Protest for freedom. A duty.

Oakland California. August 13th, 2011. I joined about 50 other Eritreans as we  stood protesting at the entrance gate to a PFDJ organized party event. The event was disguised as a cultural and non-political event. This trick is still effective on many unsuspecting Eritreans. The event place was decorated with large posters with slogans. Most of the posters expressed praise to the Eritrean government and the rest of the posters expressed anger and accusation to those that think otherwise about the government.

We held our signs up high and distributed flyers with the message calling Eritreans to boycott government sponsored events and ‘vote with their feet’ by not attending. Some of the chants we were saying include: “stop abusing our youth!”; “enough is enough – 20 years is enough!”.

Some government supporters, particularly young second-generation Eritreans, were actively taking our photos close up, often nodding with a sinister smile. Their implied message was, “we’ll report you to the Eritrean government. You will be sorry you did this.” Such incidents reaffirm my belief that no government supporter is innocently misinformed. They don’t doubt swift action will be taken against those who dare voice a different message – even in foreign countries.

I also noticed with horror how heartless some have become. I asked one of the pro-government people that was confronting us and telling us to go away. She was probably in her late 40’s. I asked politely if she knew that Eritreans are imprisoned in shipping containers to which she replied firmly, “If they break the law, yes they should be locked up!” She was holding a sign that read ‘We will never kneel down!’.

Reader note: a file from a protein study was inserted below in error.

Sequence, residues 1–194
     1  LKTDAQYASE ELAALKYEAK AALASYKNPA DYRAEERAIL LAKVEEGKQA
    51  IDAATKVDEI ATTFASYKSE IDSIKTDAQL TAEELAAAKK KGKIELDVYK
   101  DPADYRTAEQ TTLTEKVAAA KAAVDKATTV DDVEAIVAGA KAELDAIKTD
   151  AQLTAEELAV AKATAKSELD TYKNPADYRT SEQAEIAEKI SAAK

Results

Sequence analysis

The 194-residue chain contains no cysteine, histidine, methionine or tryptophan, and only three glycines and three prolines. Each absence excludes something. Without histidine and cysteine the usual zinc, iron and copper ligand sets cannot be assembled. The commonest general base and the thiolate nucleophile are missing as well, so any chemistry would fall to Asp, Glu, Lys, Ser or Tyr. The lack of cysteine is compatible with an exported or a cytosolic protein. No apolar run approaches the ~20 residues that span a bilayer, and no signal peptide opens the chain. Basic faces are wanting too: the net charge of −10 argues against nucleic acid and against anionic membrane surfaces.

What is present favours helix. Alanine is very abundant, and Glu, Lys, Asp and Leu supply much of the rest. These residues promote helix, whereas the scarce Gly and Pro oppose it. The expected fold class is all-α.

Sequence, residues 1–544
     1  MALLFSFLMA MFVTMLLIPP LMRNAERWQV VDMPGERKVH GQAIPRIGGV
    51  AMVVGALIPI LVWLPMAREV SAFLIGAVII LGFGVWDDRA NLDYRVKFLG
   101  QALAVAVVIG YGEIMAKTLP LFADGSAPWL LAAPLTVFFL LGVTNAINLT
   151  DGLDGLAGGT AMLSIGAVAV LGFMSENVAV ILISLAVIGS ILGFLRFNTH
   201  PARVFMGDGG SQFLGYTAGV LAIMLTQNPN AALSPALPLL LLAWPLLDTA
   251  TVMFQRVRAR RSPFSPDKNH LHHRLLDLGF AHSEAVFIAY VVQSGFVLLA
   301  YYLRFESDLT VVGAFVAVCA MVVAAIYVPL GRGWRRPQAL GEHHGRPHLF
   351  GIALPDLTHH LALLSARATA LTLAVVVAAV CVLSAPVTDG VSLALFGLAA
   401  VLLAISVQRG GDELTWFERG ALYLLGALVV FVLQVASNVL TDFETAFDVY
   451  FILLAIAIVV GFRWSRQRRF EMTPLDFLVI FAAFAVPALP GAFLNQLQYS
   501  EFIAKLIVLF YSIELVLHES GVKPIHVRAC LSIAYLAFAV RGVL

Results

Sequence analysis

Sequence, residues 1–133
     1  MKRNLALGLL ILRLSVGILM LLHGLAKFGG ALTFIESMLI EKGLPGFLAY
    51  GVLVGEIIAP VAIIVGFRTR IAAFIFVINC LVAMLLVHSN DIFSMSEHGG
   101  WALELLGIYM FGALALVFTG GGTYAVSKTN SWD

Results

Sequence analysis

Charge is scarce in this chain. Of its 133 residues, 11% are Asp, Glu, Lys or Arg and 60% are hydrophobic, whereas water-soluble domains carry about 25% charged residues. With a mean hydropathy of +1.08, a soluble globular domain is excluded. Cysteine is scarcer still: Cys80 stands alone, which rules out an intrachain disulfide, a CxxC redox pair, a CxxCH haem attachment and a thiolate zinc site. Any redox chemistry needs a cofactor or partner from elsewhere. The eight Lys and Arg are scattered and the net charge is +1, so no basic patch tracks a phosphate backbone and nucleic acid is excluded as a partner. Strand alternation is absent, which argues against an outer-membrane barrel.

Another older woman replied, “it’s their fault, their decision. They decided to leave Eritrea.” when she was asked how she felt that her grandchildren were perishing in the Sahara and the Atlantic. A certain man threatened to throw his car keys at me when I approached him to offer a flyer. These people have learned nothing from the society they lived in for decades.

And then, of course, there were the success stories. Many people, those with a conscience, were ashamed. They could not look at us in the eyes while entering the event. I could read their embarrassment. They knew they were on the wrong side of the crowd. No doubt many of them are held hostage by these cursed houses they bought back home in Eritrea. The government threatens to confiscate all assets and refuse all services to those who fail to comply with every demand the government makes. Not attending a government hosted event raises questions.

This experience was the first time in my life to ever loudly express my opinion about the tyranny back  home. It was a liberating experience. I can’t wait to see the oppressor gone, my friends finally free in their own land, families reunited, …

"Enough is Enough!" we chanted.

Outraged we shouted, “Enough is Enough!” as the pro-government crowd confronted us to force us to go away.